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How to Avoid Getting Scammed by A Freelancer Pretending to Be a Company

Freelancer are Disguising Themselves as Companies To Boost Their Bottom Line… At Your Expense. Here’s How to Stop It.

The internet is great for meeting business partners, networking, and discovering new opportunities… but with all that opportunity comes great risk.

One not-so-recent trend is consists of freelance developers pretending to be companies, and taking advantage of you by raising prices and making promises they can’t deliver.

There’s nothing wrong with freelancers in specific situations.

But when you need to work with a company with the resources to complete a major job, and accidentally hire a freelancer, it drastically increases your risk.

The freelancer might perform freelance-level work but it will be done at a company-level pricing. In other words, you’ll get overcharged.


In order to meet project requirements, they might outsource some of your work to a subcontractor or partner you don’t know about… someone you haven’t vetted and have no control over. In most cases, you won’t even know your work is being done by someone else.

Further, they might take on projects for which they aren’t qualified. Remember, a freelancer is just one person working by themselves. They likely have no infrastructure or project management systems in place to support big projects. If something happens it’ll be very hard to recover your project.

Finally, the freelancer will probably not be held accountable. You can hold companies accountable for their faults, but a freelancer will just ghost. It’ll be very hard to convince them to finish or fix the project.

So, how can you identify a freelancer masquerading as a company? Just a few clues will let you in on the fact that someone is being dishonest with you.

Where Did You Find Them?

Where Did You Find Them

Unless they’ve been referred to you by a friend or associate whom you trust, proceed with caution. Anyone can do SEO or Google Adwords and get noticed through organic or paid traffic. When you land on their website, look around for non-stock images or people, names, or mission statements.

If they refuse to show their face or reveal their names, or if their contact information is vague, then you might immediately disqualify them

Second, if you found them on a job board, they’re a freelancer.

If you go onto Fiverr, almost every freelancer bills themselves as an agency or a company because they think it makes them more professional. Don’t be fooled. The same applies to other job boards. Anyone looking for work on a job board is probably just an individual. Agencies generally have the resources to do more targeted outbound and inbound marketing.

Think about it — how can you trust someone if you haven’t heard their voice or seen their face?

Ask

Ask

Once you get the interview with the company, make sure to ask what their situation is.

The fact is, in some cases, it might be okay to have your project done by a freelancer. They might be able to meet your needs without charging what a company might, and it might be a perfectly profitable working relationship.

In this case, the problem is not that you’re working with a freelancer— it’s that you might end up working with a dishonest freelancer who bills as a company. You might not see anything wrong with a freelancer trying to appear more professional by using a company name. If you ask, and they are honest about their status as a freelancer and explain why they’re masquerading as a company, that might not be a complete disqualification. It just depends on their portfolio and and what kind of prices they charge.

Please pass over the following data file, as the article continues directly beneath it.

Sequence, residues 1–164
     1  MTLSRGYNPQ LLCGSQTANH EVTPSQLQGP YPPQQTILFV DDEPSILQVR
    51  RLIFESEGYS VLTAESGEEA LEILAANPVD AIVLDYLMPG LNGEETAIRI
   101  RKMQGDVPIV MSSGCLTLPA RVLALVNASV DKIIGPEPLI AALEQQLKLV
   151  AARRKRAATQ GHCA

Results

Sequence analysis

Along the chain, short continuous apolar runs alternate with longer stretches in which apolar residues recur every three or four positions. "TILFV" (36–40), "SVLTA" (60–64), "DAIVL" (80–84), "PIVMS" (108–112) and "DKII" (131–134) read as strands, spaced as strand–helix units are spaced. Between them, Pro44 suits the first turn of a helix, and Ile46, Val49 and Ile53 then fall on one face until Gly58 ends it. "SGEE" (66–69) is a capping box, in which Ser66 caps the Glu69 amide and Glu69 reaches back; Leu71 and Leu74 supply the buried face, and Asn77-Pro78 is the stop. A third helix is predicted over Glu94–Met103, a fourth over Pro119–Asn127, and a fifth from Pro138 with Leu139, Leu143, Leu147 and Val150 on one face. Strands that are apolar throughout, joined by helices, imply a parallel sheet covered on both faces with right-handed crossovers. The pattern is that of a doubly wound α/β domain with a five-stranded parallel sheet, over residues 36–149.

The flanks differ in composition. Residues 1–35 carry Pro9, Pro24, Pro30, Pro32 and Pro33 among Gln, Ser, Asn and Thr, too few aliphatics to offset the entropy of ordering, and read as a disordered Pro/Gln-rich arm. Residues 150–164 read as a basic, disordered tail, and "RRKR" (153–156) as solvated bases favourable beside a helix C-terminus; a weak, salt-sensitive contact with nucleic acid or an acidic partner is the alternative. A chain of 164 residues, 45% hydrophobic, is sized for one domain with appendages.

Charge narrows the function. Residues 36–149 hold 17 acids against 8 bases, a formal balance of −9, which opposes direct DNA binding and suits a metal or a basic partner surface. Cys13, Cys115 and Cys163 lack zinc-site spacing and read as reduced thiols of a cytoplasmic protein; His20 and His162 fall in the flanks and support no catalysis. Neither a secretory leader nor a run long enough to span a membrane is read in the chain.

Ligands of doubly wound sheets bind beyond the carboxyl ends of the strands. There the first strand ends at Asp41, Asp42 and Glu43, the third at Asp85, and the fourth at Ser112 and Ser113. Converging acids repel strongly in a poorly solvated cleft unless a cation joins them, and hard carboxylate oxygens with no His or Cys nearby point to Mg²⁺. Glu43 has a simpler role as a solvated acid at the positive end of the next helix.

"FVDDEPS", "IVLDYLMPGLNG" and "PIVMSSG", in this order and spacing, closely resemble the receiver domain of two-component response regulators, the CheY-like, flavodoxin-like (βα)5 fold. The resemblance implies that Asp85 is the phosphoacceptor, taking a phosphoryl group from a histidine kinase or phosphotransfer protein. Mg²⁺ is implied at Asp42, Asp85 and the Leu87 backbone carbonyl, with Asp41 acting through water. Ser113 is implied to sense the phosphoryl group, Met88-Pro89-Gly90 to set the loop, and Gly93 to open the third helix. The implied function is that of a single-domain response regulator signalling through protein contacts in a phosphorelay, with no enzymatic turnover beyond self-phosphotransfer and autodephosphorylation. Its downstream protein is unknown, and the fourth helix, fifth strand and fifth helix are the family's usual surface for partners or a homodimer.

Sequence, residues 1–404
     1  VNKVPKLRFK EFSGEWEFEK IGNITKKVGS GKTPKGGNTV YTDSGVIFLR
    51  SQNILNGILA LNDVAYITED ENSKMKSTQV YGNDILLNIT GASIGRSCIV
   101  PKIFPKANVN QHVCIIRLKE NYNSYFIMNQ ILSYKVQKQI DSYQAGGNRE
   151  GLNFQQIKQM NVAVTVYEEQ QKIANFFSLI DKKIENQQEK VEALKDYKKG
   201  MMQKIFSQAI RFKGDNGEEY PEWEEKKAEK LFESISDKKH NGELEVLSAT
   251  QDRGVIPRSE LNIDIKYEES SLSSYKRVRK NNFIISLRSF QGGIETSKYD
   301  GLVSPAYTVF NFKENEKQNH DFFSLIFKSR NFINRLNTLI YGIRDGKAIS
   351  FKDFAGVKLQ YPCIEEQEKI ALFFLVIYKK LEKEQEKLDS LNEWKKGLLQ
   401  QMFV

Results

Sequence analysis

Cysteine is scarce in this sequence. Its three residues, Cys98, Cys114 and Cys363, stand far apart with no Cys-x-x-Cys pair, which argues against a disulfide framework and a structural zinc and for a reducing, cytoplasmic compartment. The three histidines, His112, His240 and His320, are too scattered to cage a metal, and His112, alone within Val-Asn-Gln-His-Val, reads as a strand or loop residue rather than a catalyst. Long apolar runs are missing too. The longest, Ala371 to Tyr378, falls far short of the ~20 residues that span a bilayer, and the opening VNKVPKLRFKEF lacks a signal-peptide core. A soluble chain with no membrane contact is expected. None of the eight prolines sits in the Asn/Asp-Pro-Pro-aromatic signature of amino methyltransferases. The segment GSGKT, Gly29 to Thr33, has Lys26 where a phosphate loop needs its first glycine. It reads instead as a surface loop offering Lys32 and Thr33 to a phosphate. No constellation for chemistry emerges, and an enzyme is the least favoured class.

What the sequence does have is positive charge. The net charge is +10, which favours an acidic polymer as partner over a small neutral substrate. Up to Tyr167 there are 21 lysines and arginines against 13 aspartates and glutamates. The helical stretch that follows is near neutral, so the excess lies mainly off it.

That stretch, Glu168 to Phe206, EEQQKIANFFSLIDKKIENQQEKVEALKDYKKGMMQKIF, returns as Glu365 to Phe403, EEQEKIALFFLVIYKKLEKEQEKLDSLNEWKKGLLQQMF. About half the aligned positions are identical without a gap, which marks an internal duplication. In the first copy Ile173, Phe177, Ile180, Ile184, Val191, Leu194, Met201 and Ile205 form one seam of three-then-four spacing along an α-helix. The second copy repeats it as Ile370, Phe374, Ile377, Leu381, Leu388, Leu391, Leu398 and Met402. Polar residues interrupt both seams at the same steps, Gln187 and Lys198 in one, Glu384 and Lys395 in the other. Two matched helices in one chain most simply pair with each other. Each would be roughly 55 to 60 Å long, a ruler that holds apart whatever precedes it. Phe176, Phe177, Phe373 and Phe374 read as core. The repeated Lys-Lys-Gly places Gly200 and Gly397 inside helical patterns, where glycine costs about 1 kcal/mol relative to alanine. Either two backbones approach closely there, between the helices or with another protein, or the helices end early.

However, if you ask if they’re a company and they give you a vague answer or a non-answer, that might be a red flag. Listen to your gut. If you don’t trust them, you can choose to disqualify them or look for more information.

What’s On Their Website?

What’s On Their Website

A website is an excellent indicator of the kind of service you might expect. Someone operating as a freelancer simply won’t have the time and funds to maintain the same kind of high-end web presence as a company.

The maintenance and appearance of their site will be your first clue, but the content on their site might provide more.

Look on their About page for a list of the employees or leadership. It’s very common for full-fledged agencies or companies to list their workers and provide some personalized details. Even if that’s not the case, they will still maintain a list of principals that set them apart from others.

It isn’t as common with freelancers.

You can also look on the privacy or legal sections of their website. (If they don’t have these, that’s a big red flag). A company will probably use its full name, and it will probably include an incorporation or similar signaling, like Inc., Corp., Corporation, Ltd., or LLC. Freelancers will not.

Conclusion

It’s getting easier and easier for freelancers to pretend to be companies. While freelancers do have their benefits, the issue arises when they provide freelance-level work and hours, but bill you company rates.

Plus, if someone presents themselves dishonestly, do you really want to do business with them?

The best way to avoid being scammed is to trust recommendations by friends, coworkers, or associates who have done business with the company you want to hire. If that’s not an option, be sure to examine their web presence more closely.

Dead giveaways someone isn’t being honest with you:

  • They don’t have a well maintained web presence
  • They don’t reveal faces or names
  • Their about page doesn’t indicate that they are a company

Again, this is not to disqualify any one company or freelancer. You might choose to work with freelancers in specific situations. Just make sure you stay safe and don’t get taken advantage of.

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